We don’t want to test


We have a reputation for testing. But the truth is we’d rather not test at all. We’d prefer to just know important things. Things like the best price for each consumer. But we don’t. We’re ignorant about lots of important things. So we test. But we test as little as possible.


Testing costs you money

A simple example. Testing three variations of a price ($25, $30 and $35, represented by the three lines above) for a certain consumer profile means – logically – that we expect that two of the prices are not the best. But which ones? During the test we send consumers to prices that will make us less money. Not good. Very expensive. So we try to stop testing as soon as we can.


Ignorance costs you money

We see testing as the lesser of two evils. Test or remain ignorant? Either we test and are certainly wrong for a short period (by definition two of the prices are worse than the other price) or we live on in ignorance (where we are definitely wrong about the price for millions of consumers). While testing is a pain in the ass and expensive, ignorance is quantifiably worse. Test results tell us how much worse it is.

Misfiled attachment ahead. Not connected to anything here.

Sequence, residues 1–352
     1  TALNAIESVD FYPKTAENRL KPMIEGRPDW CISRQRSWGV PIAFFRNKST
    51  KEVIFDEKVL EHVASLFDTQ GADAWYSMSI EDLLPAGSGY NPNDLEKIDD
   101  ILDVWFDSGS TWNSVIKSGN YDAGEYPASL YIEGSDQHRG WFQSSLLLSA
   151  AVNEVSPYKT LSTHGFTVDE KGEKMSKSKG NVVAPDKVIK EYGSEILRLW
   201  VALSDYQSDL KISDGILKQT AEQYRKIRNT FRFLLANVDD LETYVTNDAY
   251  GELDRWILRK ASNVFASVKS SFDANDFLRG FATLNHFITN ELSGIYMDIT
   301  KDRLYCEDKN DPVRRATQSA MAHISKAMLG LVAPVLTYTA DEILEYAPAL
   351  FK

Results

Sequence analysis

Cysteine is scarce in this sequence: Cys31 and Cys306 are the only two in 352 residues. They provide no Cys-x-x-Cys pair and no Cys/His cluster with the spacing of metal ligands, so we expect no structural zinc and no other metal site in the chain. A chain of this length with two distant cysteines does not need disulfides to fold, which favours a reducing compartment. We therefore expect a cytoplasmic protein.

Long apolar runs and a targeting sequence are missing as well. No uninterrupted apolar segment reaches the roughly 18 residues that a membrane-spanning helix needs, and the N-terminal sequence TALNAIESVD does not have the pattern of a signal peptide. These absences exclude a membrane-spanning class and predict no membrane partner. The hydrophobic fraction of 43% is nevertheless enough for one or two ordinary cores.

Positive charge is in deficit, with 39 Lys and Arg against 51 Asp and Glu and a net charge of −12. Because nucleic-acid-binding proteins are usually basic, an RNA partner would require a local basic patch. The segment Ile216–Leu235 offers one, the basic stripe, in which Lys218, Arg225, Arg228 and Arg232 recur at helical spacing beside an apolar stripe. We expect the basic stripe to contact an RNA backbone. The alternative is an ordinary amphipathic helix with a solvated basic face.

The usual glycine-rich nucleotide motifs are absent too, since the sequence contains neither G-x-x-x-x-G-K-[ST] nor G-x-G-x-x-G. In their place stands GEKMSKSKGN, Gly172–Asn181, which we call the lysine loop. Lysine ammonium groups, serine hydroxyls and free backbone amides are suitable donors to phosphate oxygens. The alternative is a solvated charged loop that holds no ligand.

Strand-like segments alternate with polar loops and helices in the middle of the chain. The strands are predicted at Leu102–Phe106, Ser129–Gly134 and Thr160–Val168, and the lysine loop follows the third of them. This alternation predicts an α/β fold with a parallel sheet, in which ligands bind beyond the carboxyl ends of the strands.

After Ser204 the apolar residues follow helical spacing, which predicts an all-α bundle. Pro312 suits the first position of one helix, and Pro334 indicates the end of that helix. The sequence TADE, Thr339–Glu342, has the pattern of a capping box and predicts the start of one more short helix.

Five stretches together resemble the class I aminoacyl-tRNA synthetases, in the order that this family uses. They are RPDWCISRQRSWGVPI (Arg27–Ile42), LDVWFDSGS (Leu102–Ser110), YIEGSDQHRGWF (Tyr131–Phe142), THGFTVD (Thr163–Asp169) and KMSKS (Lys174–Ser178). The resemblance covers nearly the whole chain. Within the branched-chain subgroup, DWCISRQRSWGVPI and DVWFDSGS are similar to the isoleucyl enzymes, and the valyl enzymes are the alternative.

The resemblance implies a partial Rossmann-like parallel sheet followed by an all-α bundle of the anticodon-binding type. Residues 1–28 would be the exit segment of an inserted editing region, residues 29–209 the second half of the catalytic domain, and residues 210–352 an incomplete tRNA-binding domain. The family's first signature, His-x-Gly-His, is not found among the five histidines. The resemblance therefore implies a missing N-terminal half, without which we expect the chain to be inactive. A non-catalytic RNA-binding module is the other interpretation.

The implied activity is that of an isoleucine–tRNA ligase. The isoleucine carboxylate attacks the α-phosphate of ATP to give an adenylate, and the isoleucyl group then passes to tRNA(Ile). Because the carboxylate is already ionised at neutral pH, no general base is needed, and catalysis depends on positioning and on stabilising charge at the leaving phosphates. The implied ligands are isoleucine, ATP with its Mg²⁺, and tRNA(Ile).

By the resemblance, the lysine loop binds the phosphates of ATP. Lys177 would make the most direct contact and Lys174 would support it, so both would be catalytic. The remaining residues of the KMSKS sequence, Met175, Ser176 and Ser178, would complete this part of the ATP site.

Stop testing ASAP

So we try to test as little as possible. The bare minimum. We want the right answer as quickly and cheaply as possible. In the pricing example the right answer means that we are 90% sure that we are giving that consumer the right price for him. When we’ve got it we stop that test ASAP.

How do we know when we can stop testing?

We stop when we are really confident we know the truth. First, we have to understand the results of the test: Are they random? Do they show one price outperforming the others? Would it happen again the same way if we did the test again? We keep going until the results are accurate and repeatable. Then we stop.

To continue with the same test after that point can be as ignorant and expensive as not testing at all.